Past Seminar

How Capital-Based Instruments Facilitate the Transition toward a Low-Carbon Economy

Dec 5, 2013

About the Event

How Capital-Based Instruments Facilitate the Transition toward a Low-Carbon Economy: A Trade-Off between Optimality and Acceptability
RFF Academic Seminar
Stephane Hallegatte, Sustainable Development Network
The presentation investigates two strategies to curb greenhouse gas emissions: a regulation of all emissions with a carbon price and a regulation of emissions embedded in new capital only, using capital-based instruments such as investment regulation, differentiation of capital costs, or a carbon tax with temporary subsidies on brown capital. A Ramsey model is built with two types of capital: brown capital that produces a negative externality and green capital that does not. Abatement is obtained through structural change (green capital accumulation) and possibly through under-utilization of brown capital. Capital-based instruments and the carbon price lead to the same long-term balanced growth path, but they differ during the transition phase. The carbon price maximizes social welfare but may cause temporary under-utilization of brown capital, hurting the owners of brown capital and the workers who depend on it. Capital-based instruments cause larger inter-temporal welfare loss, but they maintain the full utilization of brown capital, smooth efforts over time, and cause lower immediate utility loss. Green industrial policies including such capital-based instruments may thus be used to increase the political acceptability of a carbon price. More generally, the carbon price informs on the policy effect on intertemporal welfare but is not a good indicator to estimate the impact of the policy on instantaneous output, consumption, and utility.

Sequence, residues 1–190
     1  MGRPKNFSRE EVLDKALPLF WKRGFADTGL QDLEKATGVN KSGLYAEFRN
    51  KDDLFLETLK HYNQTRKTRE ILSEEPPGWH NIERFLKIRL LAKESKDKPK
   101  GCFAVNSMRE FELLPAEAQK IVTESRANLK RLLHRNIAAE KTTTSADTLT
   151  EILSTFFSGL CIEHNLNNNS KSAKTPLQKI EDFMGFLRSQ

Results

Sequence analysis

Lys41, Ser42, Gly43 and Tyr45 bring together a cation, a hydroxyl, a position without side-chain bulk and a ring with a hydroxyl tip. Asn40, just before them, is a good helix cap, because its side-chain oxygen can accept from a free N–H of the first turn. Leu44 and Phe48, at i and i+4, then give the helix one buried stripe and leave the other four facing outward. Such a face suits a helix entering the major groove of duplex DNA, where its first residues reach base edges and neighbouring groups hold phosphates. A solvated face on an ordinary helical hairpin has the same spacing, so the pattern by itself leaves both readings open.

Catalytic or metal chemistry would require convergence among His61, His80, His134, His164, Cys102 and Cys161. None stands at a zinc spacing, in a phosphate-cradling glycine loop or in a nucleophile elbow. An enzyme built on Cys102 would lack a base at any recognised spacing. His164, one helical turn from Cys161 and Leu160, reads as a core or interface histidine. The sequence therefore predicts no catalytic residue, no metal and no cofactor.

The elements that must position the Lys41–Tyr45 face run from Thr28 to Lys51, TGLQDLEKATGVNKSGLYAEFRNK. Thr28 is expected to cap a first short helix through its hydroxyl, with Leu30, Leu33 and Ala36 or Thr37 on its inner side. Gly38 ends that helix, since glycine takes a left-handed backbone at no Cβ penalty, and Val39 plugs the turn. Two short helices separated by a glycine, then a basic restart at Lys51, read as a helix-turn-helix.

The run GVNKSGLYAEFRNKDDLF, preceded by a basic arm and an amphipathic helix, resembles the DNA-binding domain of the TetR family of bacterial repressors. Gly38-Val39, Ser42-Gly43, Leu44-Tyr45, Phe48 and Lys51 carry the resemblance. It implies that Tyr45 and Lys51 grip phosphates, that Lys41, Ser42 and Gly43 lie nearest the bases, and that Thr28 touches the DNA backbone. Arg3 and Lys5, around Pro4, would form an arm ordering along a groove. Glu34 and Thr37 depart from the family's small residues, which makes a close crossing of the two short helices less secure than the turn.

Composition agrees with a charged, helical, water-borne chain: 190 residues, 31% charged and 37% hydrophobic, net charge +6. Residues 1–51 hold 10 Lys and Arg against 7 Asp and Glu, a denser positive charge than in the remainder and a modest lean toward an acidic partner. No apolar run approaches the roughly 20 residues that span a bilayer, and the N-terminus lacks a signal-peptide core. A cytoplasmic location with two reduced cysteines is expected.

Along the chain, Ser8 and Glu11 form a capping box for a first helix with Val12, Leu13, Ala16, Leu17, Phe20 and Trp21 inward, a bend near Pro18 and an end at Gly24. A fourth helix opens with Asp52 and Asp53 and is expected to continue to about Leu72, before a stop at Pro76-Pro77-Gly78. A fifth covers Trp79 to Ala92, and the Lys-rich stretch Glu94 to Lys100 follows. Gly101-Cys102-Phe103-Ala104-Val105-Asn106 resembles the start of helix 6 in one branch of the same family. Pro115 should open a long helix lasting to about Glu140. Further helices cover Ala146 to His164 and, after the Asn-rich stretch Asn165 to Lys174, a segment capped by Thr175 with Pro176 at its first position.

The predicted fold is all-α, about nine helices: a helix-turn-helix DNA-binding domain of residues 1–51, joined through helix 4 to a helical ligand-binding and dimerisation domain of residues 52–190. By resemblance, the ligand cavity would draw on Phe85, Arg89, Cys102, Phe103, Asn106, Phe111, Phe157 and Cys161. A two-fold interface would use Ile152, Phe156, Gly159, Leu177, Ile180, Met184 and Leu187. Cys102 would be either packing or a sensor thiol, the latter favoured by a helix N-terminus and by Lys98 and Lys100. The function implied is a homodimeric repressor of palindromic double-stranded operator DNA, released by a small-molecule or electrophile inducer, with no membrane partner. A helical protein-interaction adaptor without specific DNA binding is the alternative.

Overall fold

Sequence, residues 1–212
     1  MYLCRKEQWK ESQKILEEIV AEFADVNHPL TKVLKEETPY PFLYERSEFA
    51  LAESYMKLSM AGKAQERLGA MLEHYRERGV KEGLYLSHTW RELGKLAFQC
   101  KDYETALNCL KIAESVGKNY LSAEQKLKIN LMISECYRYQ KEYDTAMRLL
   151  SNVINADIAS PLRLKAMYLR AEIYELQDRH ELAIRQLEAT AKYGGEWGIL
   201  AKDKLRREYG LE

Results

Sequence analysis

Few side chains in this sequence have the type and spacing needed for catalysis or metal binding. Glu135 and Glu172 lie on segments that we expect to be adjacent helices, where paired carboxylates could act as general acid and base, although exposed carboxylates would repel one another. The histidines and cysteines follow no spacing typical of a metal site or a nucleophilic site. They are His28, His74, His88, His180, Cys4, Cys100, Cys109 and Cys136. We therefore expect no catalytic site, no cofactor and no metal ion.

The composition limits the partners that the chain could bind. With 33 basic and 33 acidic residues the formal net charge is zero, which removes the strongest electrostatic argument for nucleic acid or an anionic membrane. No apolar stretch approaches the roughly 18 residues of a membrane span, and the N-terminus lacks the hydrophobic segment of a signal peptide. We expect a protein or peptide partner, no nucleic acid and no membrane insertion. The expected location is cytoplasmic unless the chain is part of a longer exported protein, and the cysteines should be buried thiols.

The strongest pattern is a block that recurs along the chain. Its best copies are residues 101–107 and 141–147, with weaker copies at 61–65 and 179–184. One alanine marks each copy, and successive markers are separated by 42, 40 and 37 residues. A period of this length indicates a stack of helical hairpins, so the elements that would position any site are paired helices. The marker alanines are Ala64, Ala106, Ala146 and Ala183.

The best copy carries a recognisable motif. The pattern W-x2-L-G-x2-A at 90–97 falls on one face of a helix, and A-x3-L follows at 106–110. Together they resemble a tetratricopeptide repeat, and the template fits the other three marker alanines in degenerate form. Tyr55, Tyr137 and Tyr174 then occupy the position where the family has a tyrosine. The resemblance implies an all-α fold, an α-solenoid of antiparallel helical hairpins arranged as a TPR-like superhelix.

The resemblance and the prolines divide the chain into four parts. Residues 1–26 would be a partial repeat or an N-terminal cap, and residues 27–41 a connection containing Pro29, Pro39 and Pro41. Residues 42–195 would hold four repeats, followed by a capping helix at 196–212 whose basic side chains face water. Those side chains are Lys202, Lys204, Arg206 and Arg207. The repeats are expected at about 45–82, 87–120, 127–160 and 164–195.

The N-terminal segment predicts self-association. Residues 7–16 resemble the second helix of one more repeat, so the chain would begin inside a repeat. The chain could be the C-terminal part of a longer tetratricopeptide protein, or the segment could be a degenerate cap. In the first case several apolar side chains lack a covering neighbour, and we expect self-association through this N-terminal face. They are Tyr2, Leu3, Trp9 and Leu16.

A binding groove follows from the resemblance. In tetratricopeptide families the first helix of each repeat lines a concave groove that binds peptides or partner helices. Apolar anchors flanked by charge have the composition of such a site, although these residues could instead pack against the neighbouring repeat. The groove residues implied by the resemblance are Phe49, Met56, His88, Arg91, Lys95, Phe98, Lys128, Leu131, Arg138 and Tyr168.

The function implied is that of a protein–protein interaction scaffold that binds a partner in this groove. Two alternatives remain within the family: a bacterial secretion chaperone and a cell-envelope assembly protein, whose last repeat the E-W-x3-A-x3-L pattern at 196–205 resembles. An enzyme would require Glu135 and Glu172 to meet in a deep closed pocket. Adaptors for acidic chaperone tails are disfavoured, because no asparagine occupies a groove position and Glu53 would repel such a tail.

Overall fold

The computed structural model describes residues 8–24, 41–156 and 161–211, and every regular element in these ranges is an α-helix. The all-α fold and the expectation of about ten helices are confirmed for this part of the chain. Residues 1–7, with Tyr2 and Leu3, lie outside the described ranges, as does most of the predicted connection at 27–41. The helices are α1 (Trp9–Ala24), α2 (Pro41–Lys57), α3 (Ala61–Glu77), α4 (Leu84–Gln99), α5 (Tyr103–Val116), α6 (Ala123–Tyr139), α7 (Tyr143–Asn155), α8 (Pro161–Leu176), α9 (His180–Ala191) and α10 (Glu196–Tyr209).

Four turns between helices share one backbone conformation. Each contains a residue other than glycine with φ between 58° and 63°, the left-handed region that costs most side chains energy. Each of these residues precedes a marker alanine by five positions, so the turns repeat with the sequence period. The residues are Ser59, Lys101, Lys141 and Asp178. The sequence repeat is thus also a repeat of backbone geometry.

Thursday, December 5, 2013
12:00 - 1:30 p.m.
A light lunch will be provided.
563 Conference Room
1616 P St. NW
Washington, DC 20036
All seminars will be in the 7th Floor Conference Room at RFF, 1616 P Street NW unless otherwise noted. Attendance is open, but involves pre-registration no later than two days prior to the event. For questions and to register to an event, please contact Karen Furman at Updates to our academic seminars schedule will be posted at